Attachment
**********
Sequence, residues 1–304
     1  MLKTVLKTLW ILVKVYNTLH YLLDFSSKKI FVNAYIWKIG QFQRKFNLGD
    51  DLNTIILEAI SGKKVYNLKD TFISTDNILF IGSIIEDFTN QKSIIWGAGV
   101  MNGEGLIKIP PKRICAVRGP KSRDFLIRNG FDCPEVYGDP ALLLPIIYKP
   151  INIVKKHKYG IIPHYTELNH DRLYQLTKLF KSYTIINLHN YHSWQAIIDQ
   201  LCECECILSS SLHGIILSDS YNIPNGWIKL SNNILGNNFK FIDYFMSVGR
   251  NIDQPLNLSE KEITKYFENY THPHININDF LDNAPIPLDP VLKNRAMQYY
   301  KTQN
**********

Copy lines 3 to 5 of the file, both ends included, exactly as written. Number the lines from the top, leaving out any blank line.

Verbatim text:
    51  DLNTIILEAI SGKKVYNLKD TFISTDNILF IGSIIEDFTN QKSIIWGAGV
   101  MNGEGLIKIP PKRICAVRGP KSRDFLIRNG FDCPEVYGDP ALLLPIIYKP
   151  INIVKKHKYG IIPHYTELNH DRLYQLTKLF KSYTIINLHN YHSWQAIIDQ